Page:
What I Read in March

March has been interesting. We’re deep into the show Continuum, which does take up most of my reading time (post-Harley bedtime), but I did read four books this month (or I guess three and a half, because one of them was technically a novella).

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The Kingdom of Gods, N.K. Jemisin. Starring the trickster god Sieh, who featured heavily in the first book of the trilogy, the conclusion of the Inheritance trilogy was twice as long as the others and twice as heavy. It took on the themes of change – big, epic, world-shaking change, change in gods, the ultimate change of death. It could not have chosen a better main character, of course. How could anyone but a trickster lead a story like this? I am very impressed by Jemisin’s ambition and execution. There have not been many stories as original and epic as this – if any – since Tolkien first wrote the Lord of the Rings.

The Awakened Kingdom, N.K. Jemisin. This was the novella. It was about a baby godling finding her true nature. That may be all I need to say, yes? Except to add that it was an enchanting read.

The War of Art, Steven Pressfield. I’ve been told to read this by approximately one billion of the seven billion on the planet, so I did. Pressfield frames difficulties and obstacles in writing – psychological, primarily, really any obstacle – as “Resistance,” which is the enemy. The cure? “Turning pro,” as he calls it. Working through it. Sitting down and creating, even when the artist feels no inspiration. I do agree with that perspective, even if I still struggle with it myself. I do try to write every day, even though most of it never will see the light of day. And I think everyone has some kind of creativity that they need to serve – it’s just part of our humanity that we need to honor in order to be whole.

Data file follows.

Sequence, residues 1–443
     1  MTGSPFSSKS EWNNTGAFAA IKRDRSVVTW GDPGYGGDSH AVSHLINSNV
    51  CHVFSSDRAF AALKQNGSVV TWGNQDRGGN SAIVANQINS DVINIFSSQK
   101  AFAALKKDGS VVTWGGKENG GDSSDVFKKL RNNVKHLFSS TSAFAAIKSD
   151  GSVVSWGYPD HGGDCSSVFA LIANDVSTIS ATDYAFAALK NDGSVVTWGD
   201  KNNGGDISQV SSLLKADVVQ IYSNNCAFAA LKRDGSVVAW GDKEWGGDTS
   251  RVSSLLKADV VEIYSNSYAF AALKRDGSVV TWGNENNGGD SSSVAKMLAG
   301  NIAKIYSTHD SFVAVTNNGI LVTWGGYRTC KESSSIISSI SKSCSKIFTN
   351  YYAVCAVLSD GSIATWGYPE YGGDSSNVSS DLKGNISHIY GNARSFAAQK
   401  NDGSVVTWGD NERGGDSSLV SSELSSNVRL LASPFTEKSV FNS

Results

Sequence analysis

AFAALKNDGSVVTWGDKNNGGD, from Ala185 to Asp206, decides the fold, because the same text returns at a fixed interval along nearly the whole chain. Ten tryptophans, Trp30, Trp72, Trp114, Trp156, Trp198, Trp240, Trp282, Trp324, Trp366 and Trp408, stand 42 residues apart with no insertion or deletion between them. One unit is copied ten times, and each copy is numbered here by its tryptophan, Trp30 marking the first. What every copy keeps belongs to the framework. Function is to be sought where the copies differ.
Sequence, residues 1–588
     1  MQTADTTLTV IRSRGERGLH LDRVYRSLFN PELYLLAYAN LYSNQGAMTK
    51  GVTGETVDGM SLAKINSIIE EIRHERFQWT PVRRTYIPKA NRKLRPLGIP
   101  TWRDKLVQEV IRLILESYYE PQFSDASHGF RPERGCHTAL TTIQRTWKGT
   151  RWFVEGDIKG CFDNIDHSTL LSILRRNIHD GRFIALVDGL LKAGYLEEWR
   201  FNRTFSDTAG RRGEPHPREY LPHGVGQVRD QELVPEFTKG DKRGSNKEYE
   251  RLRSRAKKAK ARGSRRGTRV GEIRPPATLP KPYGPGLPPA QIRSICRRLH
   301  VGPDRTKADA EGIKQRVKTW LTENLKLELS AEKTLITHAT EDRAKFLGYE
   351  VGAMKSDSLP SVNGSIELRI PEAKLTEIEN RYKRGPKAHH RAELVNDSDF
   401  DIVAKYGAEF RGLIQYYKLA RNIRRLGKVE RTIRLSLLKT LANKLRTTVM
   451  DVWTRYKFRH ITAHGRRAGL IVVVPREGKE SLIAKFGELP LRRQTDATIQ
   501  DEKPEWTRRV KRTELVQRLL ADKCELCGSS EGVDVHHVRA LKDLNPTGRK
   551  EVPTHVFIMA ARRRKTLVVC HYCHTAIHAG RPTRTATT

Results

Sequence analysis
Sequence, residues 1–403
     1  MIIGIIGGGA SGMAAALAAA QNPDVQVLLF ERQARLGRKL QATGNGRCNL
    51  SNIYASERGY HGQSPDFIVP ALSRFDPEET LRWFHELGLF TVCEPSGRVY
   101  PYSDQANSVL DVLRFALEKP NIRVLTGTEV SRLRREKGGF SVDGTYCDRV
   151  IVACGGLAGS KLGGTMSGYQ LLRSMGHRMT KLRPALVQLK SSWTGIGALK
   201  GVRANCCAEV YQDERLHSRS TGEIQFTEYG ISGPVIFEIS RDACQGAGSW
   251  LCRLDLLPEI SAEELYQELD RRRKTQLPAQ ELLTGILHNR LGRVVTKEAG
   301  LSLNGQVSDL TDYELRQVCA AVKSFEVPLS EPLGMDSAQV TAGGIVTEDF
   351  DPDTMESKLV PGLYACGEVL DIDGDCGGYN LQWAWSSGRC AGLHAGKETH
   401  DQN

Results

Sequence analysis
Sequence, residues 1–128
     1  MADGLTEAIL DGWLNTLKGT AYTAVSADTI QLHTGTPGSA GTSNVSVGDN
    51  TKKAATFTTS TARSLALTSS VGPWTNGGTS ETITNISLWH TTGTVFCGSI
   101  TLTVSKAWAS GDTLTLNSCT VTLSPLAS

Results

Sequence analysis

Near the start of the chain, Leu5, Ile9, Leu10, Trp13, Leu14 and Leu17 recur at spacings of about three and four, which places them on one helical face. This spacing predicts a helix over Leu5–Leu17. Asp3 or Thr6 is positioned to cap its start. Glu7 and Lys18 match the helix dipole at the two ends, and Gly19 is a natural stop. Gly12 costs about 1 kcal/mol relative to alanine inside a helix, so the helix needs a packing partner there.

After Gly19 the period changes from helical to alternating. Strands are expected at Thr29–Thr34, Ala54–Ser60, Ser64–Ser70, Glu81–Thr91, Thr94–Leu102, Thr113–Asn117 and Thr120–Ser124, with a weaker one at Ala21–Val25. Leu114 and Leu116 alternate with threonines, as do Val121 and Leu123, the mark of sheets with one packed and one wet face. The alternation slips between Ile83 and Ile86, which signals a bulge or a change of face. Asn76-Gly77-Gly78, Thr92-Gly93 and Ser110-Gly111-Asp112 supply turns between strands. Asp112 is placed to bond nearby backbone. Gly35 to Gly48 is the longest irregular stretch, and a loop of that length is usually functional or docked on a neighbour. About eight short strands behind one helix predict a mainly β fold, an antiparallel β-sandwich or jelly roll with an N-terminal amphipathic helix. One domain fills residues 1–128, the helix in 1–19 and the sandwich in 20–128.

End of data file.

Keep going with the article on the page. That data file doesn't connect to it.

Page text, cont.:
Siblings Without Rivalry, Elaine Mazlish and Adele Faber. The authors of How to Talk so Kids Will Listen and Listen so Kids Will Talk felt that the interactions between siblings merit a separate book, and I agree. I LOVE How to Talk, and the lessons I took from it probably could be the subject of another entire post (acknowledging rather than dismissing feelings is my favorite, probably because it’s the least intuitive to me). Siblings applied the same concepts of their first book to the fraught topic of brother and sister interactions, which we are fast approaching, with Harley’s brother on his way in just a few short weeks. I appreciated the book a ton, but I also found that most of the things in there were familiar – mostly because my own parents used many of the same principles when I was growing up. But one that was interesting and challenging to me was that of avoiding roles. The idea is not to cast your kids into roles, especially in contrast to their siblings, because it can be limiting, to try to give them opportunities to act outside the “role” they might tend to acquire, whether because of birth order or temperament. So this is a bit difficult, because I do think it’s important, and by my reading, Faber and Mazlish agree, to appreciate each child for their uniqueness. But what is the line between appreciating that uniqueness and casting the child into a “role”? I’ll give myself as an example, and my sister, who hopefully will not mind. As a child, I was the quiet, sensitive, smart one. My sister was outgoing, energetic, socially adept. I suppose the authors would say that for two girls like that, develop the social skills of the quiet one, affirm her ability to connect with people, and for the outgoing one, develop her learning abilities and affirm her intelligence. But appreciate the strengths. Still, seems like a tricky line to walk. I suppose that is the benefit of not having to treat kids exactly the same, which is another major point of the books. Give each kid what they need, the authors argue. Don’t try to make things “equal” – mostly because it’s impossible! I think that is the approach that my parents took, which hopefully will make it easier for me to do the same thing.

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